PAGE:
Pope’s reform of Vatican includes honest dialogue


Frank Fear January 3, 2015

Pope Francis is at it again. He is continuing his unprecedented (and very public) effort to reform the Vatican bureaucracy.

In his Christmas Week address to The Curia he called bishops and cardinals “Lords of the Manor – (sometimes feeling) superior to everyone and everything.” “A Curia that does not criticize itself, that does not bring itself up to date, that does not to improve, is a sick body,” Francis proclaimed.

The administrative body of the Church needs to change, says the Pope, and he offered The Curia a framework for reform. Likening it to a diseased body, Francis described what he called “15 ailments of The Curia.” What’s ailing the Church’s top brass? Feeling indispensable. Being boastful. Gossiping. Forming closed circles. Showing off. Focusing excessively on career. Being opportunists. …

Most institutions talk a good game. They “brand” well. And they let the public know the great things they’re doing. But Francis brings to attention something else: what often goes on inside institutions. There you can often find a different storyline, one that’s almost always hidden from public view.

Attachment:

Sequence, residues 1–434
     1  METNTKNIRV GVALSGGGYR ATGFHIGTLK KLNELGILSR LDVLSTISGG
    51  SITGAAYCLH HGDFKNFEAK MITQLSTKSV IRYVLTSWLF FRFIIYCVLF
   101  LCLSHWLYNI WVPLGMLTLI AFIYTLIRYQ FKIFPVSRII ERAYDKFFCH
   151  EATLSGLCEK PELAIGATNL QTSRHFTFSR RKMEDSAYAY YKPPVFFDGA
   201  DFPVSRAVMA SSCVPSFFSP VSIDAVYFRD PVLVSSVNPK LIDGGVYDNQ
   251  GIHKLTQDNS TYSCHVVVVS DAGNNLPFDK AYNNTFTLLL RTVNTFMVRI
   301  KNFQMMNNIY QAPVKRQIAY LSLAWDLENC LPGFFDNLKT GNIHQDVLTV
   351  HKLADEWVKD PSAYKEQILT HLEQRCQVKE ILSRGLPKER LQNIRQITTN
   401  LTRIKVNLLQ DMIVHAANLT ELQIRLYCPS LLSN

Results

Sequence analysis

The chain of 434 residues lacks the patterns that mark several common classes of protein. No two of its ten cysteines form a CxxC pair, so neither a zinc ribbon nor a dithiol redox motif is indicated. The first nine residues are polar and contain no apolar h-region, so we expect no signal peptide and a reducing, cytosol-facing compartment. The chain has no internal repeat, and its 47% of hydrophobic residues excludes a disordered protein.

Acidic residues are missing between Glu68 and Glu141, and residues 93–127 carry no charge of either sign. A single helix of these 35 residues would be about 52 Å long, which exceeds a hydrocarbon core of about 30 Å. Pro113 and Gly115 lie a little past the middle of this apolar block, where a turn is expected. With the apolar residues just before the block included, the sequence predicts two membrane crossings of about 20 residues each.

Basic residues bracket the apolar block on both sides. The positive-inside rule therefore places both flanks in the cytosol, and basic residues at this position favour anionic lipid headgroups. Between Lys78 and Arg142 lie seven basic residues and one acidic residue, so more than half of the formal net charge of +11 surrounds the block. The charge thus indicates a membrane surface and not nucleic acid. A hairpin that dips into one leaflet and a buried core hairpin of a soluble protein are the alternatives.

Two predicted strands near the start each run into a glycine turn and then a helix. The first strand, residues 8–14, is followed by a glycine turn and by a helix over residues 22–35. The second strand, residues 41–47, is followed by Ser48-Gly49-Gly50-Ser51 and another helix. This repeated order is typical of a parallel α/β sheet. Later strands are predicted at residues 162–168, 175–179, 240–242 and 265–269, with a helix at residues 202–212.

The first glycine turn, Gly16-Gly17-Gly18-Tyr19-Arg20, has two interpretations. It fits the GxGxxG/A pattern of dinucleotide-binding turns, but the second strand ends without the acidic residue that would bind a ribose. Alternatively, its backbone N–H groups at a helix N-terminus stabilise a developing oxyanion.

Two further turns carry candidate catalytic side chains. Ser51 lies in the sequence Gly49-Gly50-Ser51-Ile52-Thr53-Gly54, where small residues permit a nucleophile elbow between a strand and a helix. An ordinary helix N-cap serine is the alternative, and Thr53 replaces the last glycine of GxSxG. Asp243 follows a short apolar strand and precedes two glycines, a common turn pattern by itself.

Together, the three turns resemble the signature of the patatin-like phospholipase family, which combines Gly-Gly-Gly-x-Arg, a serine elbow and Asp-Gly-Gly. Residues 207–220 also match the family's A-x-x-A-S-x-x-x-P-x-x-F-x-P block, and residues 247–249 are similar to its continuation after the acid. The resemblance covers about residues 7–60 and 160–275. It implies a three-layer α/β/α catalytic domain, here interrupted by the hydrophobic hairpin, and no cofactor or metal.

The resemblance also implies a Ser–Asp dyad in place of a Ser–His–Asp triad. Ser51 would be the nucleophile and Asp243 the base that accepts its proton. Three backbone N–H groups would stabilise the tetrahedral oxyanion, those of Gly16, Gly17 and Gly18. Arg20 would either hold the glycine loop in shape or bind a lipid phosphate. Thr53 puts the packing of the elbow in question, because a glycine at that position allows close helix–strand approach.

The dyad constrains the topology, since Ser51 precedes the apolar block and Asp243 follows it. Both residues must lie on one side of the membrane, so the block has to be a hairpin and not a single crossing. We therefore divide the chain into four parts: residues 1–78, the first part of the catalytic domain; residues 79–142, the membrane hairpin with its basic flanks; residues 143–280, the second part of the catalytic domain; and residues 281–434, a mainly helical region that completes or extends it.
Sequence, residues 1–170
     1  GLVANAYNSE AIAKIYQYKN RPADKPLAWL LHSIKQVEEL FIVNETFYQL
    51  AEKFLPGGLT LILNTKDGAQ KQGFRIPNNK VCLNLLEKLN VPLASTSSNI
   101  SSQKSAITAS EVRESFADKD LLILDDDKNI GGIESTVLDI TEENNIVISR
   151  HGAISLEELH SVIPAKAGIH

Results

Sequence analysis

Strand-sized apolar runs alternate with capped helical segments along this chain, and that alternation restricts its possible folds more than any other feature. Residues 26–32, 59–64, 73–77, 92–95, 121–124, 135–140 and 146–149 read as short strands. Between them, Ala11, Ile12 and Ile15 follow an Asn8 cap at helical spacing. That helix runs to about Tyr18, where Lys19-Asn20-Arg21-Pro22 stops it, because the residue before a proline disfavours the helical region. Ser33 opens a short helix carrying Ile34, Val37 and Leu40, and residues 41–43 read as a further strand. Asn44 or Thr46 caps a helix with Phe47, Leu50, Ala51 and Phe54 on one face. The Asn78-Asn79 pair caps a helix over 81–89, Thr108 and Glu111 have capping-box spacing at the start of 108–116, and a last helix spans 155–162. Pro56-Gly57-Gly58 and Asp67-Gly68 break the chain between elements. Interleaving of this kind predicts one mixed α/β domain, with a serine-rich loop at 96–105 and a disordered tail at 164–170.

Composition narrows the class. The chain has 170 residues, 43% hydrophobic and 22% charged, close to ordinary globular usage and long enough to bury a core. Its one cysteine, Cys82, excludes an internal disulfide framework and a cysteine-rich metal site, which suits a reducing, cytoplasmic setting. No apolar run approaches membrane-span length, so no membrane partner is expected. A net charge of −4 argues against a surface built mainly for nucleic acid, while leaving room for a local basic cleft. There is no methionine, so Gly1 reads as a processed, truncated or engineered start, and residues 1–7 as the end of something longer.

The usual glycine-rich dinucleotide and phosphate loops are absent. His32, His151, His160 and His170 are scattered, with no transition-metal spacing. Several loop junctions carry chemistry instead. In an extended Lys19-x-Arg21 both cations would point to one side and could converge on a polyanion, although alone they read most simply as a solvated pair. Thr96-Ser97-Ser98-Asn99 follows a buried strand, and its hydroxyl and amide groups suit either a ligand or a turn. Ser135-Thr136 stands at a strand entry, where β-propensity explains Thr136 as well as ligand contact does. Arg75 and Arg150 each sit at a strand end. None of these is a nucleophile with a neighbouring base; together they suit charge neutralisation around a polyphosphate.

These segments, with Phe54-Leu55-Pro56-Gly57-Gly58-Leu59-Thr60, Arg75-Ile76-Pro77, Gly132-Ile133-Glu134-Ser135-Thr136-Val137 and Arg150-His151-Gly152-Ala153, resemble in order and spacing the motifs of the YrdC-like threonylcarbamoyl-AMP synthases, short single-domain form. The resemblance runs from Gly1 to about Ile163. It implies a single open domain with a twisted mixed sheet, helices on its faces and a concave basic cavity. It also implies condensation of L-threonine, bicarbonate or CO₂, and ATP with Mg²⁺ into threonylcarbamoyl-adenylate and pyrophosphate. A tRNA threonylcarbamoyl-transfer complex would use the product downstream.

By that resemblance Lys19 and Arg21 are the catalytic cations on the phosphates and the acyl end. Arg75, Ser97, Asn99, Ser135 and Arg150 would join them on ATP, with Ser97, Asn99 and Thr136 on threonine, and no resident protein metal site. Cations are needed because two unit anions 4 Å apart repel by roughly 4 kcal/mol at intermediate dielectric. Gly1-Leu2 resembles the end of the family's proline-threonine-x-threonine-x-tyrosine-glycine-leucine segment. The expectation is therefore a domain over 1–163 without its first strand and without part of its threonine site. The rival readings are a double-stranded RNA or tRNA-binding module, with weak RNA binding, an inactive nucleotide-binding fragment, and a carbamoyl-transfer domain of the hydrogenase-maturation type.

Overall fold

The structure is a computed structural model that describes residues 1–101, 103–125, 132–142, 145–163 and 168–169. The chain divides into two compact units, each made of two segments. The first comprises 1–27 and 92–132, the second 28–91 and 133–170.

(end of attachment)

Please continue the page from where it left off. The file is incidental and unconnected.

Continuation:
The prevailing approach is “impression management.” Only talk about what’s working well. Focus on highlights. Don’t air “dirty laundry.” Protect the Brand.

Some of that certainly makes sense, but an insular organizational culture emerges when institutional self-enhancement is taken to an extreme. Issues get papered-over. Employees feel they can’t bring up problems. It’s a matter of “going along to get along.”

None of this matters to the public most of the time, but that’s certainly not a hard and fast rule. Consider what happened at General Motors (ignition switch); The Veteran’s Administration (vets’ medical treatment); and Penn State University (sexual predation). And not too long ago the Pope cleaned-up money laundering at The Vatican Bank.

In calling-out the Curia, Francis made public what he believes is happening inside The Vatican. By extrapolation he invites us to ask a parallel question: What’s going on inside our organizations? As The Chicago Tribune wrote last week about the Pope’s talk: “This wasn’t an exclusively Roman Catholic message, or even a particularly religious message. It’s advice to all of us on how to lead our lives.”

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